Valerie Gritsch is the community manager for London-based indie label, Xtra Mile Recordings. As community manager, she handles all of their social media channels, in addition to managing their street team and other fan engagement efforts. A New York native, Gritsch is currently working towards her Masters degree at The Graduate Center, CUNY, where her research includes, but is not limited to, music fandom and celebrity studies. The subject of her thesis will focus on celebrity death and how fans create history. Gritsch—whose history of chronic nerve pain eventually led to fibromyalgia and myalgic encephalomyelitis (commonly known as chronic fatigue syndrome)—caught up with us to talk about her experience in the music industry and what adequate accommodations can and should look like.
Brianna Snider is currently a student at Capital University in Columbus, OH, where she studies music technology and is the music director at the university’s own WXCU Radio. She is the co-founder of Blue Salt Records, and plays music under the name saltlick. Snider – who has a mild form of cerebral palsy, as well as scoliosis – caught up with Half Access to discuss her experiences with accessibility as both a spectator and performer.
Sean Gonzalez, one of our board members, virtually met Jessica through a music group on Facebook, sharing a common interest in bands and genres. After reading a few posts from Jessica, we reached out to discuss her disability, Cerebral Palsy, to spread some awareness.
Amber Nicole Wolfe, 20, has been regularly going to shows and getting involved in her local scene in Omaha, NE since 2016, and takes an occasional hour-long trip to Lincoln for shows as well. She’s autistic, and in our interview below, she explains her sensory sensitivity at shows, and shares experiences of both accessibility and inaccessibility at concerts.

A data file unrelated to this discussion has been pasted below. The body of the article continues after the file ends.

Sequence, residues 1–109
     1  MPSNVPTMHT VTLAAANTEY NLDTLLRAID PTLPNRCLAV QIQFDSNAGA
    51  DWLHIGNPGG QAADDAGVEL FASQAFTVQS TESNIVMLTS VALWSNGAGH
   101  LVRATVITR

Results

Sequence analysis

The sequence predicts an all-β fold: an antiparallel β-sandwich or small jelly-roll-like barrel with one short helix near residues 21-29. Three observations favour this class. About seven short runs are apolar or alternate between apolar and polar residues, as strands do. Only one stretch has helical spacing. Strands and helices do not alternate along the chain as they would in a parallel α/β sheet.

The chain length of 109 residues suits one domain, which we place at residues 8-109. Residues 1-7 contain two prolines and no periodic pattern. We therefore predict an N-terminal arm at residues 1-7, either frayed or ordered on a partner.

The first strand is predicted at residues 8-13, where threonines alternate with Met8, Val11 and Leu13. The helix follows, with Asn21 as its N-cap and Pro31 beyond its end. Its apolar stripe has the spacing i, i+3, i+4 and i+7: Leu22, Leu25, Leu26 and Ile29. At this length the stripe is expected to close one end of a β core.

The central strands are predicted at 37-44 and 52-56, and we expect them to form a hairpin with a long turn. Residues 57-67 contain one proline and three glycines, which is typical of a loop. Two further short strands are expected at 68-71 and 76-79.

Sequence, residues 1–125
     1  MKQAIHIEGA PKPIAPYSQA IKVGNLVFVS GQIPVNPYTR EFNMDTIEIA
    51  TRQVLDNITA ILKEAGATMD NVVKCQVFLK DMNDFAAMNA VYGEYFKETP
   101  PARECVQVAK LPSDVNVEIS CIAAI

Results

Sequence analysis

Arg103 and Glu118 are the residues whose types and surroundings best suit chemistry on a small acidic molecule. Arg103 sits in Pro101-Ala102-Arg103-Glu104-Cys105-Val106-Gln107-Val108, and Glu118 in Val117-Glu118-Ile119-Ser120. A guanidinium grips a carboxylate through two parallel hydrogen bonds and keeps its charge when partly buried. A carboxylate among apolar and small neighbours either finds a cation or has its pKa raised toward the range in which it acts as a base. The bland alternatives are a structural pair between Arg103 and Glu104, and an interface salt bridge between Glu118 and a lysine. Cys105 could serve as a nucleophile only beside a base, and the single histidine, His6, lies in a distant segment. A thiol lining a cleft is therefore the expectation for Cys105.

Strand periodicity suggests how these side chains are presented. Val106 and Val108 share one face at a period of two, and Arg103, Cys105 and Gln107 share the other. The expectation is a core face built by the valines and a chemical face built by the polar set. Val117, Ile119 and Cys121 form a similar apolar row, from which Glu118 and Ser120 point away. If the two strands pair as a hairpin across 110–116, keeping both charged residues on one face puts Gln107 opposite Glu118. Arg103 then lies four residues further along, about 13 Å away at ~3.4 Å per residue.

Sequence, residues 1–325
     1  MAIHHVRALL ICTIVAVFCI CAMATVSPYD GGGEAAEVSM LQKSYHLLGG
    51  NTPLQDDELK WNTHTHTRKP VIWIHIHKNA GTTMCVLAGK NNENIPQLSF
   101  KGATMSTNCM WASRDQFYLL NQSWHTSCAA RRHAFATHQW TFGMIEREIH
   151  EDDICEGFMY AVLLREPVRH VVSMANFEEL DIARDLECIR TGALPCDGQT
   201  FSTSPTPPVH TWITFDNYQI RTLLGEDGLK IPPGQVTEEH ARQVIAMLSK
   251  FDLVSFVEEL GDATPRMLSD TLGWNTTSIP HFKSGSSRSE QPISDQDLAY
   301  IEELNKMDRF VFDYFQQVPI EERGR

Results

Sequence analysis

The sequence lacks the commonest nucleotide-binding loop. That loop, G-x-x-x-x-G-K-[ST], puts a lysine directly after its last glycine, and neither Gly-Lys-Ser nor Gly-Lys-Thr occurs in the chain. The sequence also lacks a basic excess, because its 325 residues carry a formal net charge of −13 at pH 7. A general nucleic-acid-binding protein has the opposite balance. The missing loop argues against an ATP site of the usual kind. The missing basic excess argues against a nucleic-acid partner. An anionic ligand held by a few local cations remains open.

Before I even knew how to advocate for myself through Half Access, back in 2014, at the now-extinct Alhambra in Portland, I was attending a Real Friends show in the front row and the band worked with security to make sure I was placed side-stage—safe from the crowd and with a good view of the show before their set began. Fast forward a couple of years and they did it again at the Wonder Ballroom—one of the venues that was a catalyst for me to start Half Access. Just recently, I caught them on their headlining tour in support of their new record, Composure, and was able to chat with bassist and tour manager, Kyle Fasel about their willingness to help their disabled fans.
23-year-old Ellie Hart works at The Wellmont Theater, runs MELTT (Music Ellie Listened To Today) which is an online magazine that releases regular playlists, and she is a contributor to The Alternative. In 2017, she graduated from Belmont University in Nashville. Now, Hart – who has Epilepsy – is on a mission to make shows safer through her new project, LEAD DIY (Lighting and Epilepsy Awareness Development in DIY).